The Greeks started using gold and gems in jewellery in 1600 BC, although beads shaped as shells and animals were produced widely in earlier times. Around 1500 BC, the main techniques of working gold in Greece included casting, twisting bars, and making wire.
silver charms we love our silver charm collection and we take great care to bring only the best quality with silver and gold and precise gems placements. Styling and quality make for the most beautiful jewellery. Mewe-jewelry
Silver Rings are always a hit with most ladies, But here is some fun facts
1. The word ‘silver’ comes from the Anglo-Saxon word ‘seolfor’.
2. Silver objects have been found dating as far back as 4000 BC. Historians believe it was first discovered around a thousand years before that.
3. Ancient civilizations learned how to separate silver from lead around 3000BC.
4. In ancient Egypt, silver was valued much more highly than gold.
5. Silver gets a mention in the Bible.
6. Silver was one of the first five elements discovered, along with gold, copper, lead and iron and has been mined for over 6000 years.
7. Silver jewellery was often associated with special powers by ancient civilizations; they believed it brought healing powers, good fortune, and warded off evil spirits.
8. There was a consecutive shortage of silver production between 2007 and 1990.
9. In the middle ages, a pound of currency was literally a pound of silver in weight.
10. The Phoenicians stored water, wine and vinegar in silver bottles to avoid bacteria contaminating the liquids.
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Stainless Steel Jewelry
Stainless steel is best known as the material used to make surgical instruments Stainless steel contains at least 10% chromium and, depending on the grade of the stainless steel, it may include smaller percentages of nickel, molybdenum, titanium, niobium and other metals. The percentage of chromium is significant because chromium combines with oxygen to form a thin, invisible layer of chrome-containing oxide. This protective layer is what makes stainless steel “stainless.” Unlike the title, stainless steel is not actually stainless, just extremely resistant to corrosion. Because many stainless steel jewellery-making supplies are unplated, they are an excellent alternative for wearers with allergies and sensitivity to base metals such as copper or brass. For designs where the findings will be in close contact with the wearer’s skin (especially in the summer-time when heat often exaggerates the reaction to the skin), unplated stainless steel is one of the best options available. Stainless steel Jewellery may contain some nickel, but it’s generally considered hypoallergenic for most people. This is the reason that type 316L stainless steel is often used as starter earrings for newly pierced ears.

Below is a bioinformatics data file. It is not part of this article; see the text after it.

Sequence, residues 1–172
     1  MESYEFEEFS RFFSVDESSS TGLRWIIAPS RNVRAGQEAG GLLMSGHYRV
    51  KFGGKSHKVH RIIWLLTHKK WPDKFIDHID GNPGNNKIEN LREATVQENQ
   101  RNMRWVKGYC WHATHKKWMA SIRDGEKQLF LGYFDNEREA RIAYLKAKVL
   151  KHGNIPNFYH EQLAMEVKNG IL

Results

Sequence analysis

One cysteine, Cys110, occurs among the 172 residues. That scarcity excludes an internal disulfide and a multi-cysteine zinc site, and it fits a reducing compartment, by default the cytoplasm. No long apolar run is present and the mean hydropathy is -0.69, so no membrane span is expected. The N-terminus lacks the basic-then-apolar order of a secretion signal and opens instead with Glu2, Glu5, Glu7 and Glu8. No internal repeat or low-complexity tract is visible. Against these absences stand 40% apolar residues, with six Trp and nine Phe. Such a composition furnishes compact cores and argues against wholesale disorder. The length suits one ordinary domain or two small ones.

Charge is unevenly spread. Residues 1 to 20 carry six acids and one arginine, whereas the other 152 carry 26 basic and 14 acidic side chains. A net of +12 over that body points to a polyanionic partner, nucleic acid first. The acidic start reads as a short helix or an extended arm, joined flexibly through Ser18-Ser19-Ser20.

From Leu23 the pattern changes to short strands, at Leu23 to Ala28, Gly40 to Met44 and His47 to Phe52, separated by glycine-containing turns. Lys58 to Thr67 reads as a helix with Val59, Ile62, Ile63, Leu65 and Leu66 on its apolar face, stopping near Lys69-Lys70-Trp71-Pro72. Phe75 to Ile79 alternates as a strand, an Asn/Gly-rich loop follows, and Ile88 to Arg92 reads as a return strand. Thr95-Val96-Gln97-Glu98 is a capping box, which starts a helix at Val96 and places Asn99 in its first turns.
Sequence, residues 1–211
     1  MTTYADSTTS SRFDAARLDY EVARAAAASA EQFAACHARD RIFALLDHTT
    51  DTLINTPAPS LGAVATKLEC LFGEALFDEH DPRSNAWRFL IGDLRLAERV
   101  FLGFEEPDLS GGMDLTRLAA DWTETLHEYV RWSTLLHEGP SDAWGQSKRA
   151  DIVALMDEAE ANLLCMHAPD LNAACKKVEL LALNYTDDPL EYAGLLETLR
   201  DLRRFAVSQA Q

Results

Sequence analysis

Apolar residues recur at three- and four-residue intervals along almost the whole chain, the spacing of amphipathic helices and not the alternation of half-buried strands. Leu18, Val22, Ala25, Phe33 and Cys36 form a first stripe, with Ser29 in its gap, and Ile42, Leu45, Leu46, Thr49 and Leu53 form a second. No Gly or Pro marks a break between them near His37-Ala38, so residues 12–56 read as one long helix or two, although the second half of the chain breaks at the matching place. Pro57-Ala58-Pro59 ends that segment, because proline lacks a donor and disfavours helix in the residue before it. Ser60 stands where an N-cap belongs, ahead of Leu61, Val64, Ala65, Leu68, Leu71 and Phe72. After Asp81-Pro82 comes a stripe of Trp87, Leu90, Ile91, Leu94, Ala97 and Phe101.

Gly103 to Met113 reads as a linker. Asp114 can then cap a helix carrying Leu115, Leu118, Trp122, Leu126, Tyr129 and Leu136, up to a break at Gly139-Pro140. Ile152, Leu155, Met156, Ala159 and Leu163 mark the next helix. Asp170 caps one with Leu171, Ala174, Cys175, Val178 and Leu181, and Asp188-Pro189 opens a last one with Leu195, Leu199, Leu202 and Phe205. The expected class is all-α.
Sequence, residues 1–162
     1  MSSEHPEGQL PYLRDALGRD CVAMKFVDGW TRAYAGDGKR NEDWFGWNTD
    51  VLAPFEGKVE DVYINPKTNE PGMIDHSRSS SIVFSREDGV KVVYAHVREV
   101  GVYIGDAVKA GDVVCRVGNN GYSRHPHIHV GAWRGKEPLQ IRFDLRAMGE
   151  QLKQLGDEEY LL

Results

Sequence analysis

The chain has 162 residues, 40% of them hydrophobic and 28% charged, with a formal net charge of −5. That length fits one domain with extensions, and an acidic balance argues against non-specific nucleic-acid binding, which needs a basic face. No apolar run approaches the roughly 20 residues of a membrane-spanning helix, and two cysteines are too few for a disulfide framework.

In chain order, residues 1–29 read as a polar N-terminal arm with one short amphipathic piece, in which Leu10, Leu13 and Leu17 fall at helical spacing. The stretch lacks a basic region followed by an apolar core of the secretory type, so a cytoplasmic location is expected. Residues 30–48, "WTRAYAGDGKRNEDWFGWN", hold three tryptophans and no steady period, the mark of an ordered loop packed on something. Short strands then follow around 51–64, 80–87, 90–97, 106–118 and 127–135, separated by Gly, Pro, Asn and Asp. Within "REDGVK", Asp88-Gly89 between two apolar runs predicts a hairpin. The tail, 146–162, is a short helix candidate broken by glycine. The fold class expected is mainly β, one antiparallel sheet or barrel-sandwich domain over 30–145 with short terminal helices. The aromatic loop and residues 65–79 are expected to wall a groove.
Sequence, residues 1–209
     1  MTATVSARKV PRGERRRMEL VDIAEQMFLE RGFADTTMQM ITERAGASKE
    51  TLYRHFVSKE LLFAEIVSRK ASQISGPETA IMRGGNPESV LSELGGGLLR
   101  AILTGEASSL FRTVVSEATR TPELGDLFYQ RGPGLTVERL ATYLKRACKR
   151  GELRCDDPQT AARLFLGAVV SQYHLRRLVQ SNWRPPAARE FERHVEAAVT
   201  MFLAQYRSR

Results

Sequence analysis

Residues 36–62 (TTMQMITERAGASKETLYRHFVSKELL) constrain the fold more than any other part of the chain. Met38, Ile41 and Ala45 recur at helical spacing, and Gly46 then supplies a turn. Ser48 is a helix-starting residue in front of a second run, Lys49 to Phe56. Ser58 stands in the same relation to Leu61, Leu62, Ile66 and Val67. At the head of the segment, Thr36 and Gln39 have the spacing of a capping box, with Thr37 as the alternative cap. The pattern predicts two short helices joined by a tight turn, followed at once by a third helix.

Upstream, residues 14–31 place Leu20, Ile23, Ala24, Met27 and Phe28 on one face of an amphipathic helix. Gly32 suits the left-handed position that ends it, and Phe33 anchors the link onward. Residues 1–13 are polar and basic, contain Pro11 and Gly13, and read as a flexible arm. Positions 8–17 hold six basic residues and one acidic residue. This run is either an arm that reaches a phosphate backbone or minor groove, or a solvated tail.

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Sterling silver Jewelry
Sterling silver Fine silver, for example, 99.9% pure silver, is relatively soft, so silver is usually alloyed with copper to increase its hardness and strength. Sterling silver is prone to tarnishing, and metals other than copper can be used in alloys to reduce tarnishing, as well as casting porosity and firesale. Such metals include germanium, zinc, platinum, silicon, and boron. Recent examples of alloys using these metals include Argentium, Sterlium, Sterilite, and Silvadium. mewe jewelry uses only the fines sterling silver in it jewellery to produce only Quality pieces see more sterling silver here
925 silver silver rings
925 silver silver rings
silver and gem rings
The spelling difference extends to jeweler (American English) and jeweller (British and Australian English), as well as to other derivatives such as jeweled–jewelled and jeweling—jewelling. But jewel (not jewell) is the standard spelling in all varieties of English.
The simpler, American spelling of the word is part of the legacy of Noah Webster, the early-19th-century educator and lexicographer, best known for his 1831 dictionary, whose attempts to reform the language met with varying degrees of success. He didn’t originate the jewelry spelling, but he was instrumental in making it a part of the American language mostly in Australia we tend to spell it jewellery. but here at mewe-jewelry we are happy either way see more jewelry -jewellery
The History of Gold
Human fascination with gold is as old as recorded history. We don’t know for sure when the first human picked up a gold nugget and thought, “Hey, this is pretty cool.” However, flakes of gold have been found in Paleolithic caves dating back as far as 40,000 B.C.
Most archaeological evidence shows that humans who came into contact with gold were impressed by the metal. Since gold is found all over the world, it has been mentioned numerous times throughout ancient historical texts.
The first firm evidence we have of human interaction with gold occurred in ancient Egypt around 3,000 B.C. Gold played an important role in ancient Egyptian mythology and was prized by pharaohs and temple priests. It was so important, in fact, that the capstones on the Pyramids of Giza were made from solid gold. For me its the love of Gold jewellery that made us start Mew-jewelry
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Humans have used jewellery for a number of different reasons. Most cultures at some point have had a practice of keeping large amounts of wealth stored in the form of jewellery. The earliest known Jewellery was actually created not by humans (Homo Sapiens) but by Neanderthal living in Europe. Specifically, perforated beads made from small sea shells have been found dating to 115,000 years ago in the Cueva de los Aviones
Most modern commercial jewellery continues traditional forms and styles like Online Personalised Jewellery see more @ Mewe-jewelry.com